Another week was lost during power up test preparations when Tropical Storm Cristobal passed over the area in early June, forcing a work stoppage at Stennis.
From here, the plan is to continue with a normal pace of work to finish the Green Run campaign this year.
B Test Stand at Stennis Space Center on June 23; B-1 position foreground, B-2 background. Credit: NASA/SSC.
“Our schedule from here on out is really a nominal schedule,” Nappi said on June 26. “We’ve instituted the social distancing, we’ve instituted the masks, we’ve instituted the cleaning, all that to keep our folks safe.”
“We re-forecasted our schedule based on coming back to work on May 14th, and then taking thirty days to get to power up, and then being able to run somewhat nominally. And we ended up with a Wet Dress

Click here to view the original article.

Science

Dwarf planet Ceres is an ocean world: Study – The Jakarta Post – Jakarta Post

The dwarf planet Ceres — long believed to be a barren space rock — is an ocean world with reservoirs of sea water beneath its surface, the results of a major exploration mission showed Monday.

Published

on

post featured image

The dwarf planet Ceres — long believed to be a barren space rock — is an ocean world with reservoirs of sea water beneath its surface, the results of a major exploration mission showed Monday.
Ceres is the largest object in the asteroid belt between Mars and Jupiter and has its own gravity, enabling the NASA Dawn spacecraft to capture high-resolution images of its surface. 
Now a team of scientists from the United States and Europe have analysed images relayed from the orbiter, captured arou…

Click here to view the original article.

Continue Reading

Science

The earth was once home to ‘terror crocodiles’ nearly the size of city buses – CNN

A new study has shed more light on gigantic “terror crocodiles,” that once roamed the world and preyed on dinosaurs with teeth “the size of bananas.”

Published

on

post featured image

(CNN)A new study has shed more light on gigantic “terror crocodiles,” that once roamed the world and preyed on dinosaurs with teeth “the size of bananas.”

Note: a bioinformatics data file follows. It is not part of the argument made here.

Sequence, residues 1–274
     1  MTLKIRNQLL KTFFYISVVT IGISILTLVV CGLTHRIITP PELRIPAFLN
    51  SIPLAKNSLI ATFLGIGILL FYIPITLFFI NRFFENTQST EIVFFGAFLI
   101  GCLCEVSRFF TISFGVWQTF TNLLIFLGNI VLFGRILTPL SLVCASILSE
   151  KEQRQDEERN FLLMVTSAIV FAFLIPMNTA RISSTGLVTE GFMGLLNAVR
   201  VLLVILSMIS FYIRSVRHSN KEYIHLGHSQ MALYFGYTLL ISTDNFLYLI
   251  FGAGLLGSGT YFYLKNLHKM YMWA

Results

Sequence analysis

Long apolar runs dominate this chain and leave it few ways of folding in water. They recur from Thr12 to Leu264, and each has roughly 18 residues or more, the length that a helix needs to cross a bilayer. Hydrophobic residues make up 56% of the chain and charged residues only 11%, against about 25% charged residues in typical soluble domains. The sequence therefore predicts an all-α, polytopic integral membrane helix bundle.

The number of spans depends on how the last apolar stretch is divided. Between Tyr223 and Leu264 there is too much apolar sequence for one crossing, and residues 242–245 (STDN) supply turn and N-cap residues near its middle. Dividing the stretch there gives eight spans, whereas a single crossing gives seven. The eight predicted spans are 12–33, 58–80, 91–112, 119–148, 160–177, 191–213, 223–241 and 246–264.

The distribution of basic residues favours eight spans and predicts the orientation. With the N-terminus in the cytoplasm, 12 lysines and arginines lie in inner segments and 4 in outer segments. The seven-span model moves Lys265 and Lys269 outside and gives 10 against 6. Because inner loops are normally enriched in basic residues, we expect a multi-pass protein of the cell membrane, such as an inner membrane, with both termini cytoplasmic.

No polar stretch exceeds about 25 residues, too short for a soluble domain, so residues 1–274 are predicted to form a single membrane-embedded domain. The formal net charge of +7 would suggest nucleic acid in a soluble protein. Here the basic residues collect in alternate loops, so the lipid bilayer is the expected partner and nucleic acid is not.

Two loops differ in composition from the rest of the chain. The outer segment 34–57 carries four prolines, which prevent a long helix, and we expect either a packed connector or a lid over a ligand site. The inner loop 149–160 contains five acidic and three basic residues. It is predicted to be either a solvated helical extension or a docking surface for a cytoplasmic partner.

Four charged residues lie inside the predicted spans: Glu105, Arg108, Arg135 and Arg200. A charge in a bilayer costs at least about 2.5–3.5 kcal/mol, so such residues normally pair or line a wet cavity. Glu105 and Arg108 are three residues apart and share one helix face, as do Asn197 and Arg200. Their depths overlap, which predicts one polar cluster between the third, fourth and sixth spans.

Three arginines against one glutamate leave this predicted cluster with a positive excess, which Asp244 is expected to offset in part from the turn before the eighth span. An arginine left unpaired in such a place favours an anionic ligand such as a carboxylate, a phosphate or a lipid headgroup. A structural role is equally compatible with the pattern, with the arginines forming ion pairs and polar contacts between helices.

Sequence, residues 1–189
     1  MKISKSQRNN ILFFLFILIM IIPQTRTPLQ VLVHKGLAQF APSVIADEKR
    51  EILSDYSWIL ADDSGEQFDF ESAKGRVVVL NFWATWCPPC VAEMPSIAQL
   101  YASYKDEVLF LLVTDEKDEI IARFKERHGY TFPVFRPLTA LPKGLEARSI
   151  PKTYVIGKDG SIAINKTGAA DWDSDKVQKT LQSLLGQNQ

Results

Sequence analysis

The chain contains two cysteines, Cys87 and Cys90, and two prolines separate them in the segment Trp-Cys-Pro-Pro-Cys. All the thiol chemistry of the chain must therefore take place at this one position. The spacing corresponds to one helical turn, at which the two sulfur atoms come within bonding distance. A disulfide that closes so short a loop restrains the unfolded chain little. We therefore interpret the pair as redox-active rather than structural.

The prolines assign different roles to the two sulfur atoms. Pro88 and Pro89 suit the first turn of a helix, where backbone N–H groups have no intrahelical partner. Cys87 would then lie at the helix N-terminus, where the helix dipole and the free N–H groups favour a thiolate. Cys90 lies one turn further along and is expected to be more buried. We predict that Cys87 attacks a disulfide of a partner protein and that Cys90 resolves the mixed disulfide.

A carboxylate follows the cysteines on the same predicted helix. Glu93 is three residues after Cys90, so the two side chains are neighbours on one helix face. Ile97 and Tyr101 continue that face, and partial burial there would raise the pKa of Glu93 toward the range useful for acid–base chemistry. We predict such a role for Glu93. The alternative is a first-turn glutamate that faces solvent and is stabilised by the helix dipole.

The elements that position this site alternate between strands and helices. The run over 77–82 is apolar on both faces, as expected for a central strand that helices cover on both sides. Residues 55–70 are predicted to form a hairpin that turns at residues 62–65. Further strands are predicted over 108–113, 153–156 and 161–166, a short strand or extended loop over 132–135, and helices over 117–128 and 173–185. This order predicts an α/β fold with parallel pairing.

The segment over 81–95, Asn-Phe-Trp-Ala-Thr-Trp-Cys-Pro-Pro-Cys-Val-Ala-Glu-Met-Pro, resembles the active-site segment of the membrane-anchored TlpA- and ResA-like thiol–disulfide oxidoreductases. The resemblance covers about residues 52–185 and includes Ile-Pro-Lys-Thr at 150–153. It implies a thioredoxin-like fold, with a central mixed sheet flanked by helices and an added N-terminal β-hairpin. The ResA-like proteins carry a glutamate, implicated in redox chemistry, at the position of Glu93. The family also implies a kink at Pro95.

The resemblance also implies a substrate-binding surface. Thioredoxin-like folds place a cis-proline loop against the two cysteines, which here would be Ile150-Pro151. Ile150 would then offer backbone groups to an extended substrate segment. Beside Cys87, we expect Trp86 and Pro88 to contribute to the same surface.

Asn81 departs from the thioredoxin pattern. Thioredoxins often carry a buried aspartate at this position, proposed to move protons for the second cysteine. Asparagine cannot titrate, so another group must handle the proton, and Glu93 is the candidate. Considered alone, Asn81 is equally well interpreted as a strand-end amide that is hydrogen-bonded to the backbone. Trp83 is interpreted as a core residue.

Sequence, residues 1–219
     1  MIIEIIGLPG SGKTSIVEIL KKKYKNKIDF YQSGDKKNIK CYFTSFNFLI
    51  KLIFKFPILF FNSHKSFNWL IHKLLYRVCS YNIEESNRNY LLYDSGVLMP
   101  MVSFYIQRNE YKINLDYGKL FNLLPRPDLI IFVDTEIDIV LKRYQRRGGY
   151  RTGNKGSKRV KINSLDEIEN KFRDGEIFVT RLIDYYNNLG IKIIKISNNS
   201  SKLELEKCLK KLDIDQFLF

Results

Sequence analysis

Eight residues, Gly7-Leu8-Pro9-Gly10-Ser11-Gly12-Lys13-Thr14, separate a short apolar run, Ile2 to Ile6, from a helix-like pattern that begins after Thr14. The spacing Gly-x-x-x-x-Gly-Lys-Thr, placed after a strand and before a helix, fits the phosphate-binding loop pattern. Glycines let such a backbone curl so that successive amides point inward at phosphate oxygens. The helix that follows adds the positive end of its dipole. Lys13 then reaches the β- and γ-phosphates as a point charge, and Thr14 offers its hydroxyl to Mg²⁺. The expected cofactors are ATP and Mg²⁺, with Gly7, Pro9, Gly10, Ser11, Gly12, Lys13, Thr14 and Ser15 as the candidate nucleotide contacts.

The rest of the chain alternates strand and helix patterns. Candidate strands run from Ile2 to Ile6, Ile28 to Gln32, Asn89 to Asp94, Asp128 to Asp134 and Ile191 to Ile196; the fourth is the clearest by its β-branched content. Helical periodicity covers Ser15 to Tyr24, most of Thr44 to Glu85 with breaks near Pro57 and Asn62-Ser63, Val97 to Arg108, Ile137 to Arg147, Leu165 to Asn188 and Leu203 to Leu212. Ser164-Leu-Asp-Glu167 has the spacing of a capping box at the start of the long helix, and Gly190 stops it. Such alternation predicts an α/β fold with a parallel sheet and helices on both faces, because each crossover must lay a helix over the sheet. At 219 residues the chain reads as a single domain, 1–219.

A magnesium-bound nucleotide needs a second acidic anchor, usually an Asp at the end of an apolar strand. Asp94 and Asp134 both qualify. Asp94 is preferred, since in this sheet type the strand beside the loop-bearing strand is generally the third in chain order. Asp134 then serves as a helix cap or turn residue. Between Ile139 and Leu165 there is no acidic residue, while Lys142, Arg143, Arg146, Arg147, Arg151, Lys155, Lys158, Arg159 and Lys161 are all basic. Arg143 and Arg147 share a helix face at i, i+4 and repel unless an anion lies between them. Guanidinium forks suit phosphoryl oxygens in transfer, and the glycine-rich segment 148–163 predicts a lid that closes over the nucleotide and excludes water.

The research, which was conducted in 2018, published this week in Journal of Vertebrate Paleontology. It found that the Deinosuchus — a lineage of giant Late Cretacecous crocodylians from North America — were nearly as long as city buses, growing up to 33 feet in length, according to the study authors.
“Deinosuchus was a giant that must h…

Click here to view the original article.

Continue Reading

Science

Some Humans Are Carrying DNA From an Unknown Ancient Ancestor – ScienceAlert

A new analysis of the genomes of the most famous of ancient humans – Neanderthals and Denisovans – has revealed an as-yet-unidentified ancestor for our species – a branch of our distant family tree without any known label to put to it.

Published

on

post featured image

A new analysis of the genomes of the most famous of ancient humans – Neanderthals and Denisovans – has revealed an as-yet-unidentified ancestor for our species a branch of our distant family tree without any known label to put to it.
The study also finds further evidence of interbreeding between humans and Neanderthals, but places it much earlier than we previously knew – some 200,000 to 300,000 years ago. This interbreeding would therefore add new insight into the increasingly complicated hist…

Click here to view the original article.

Continue Reading

Trending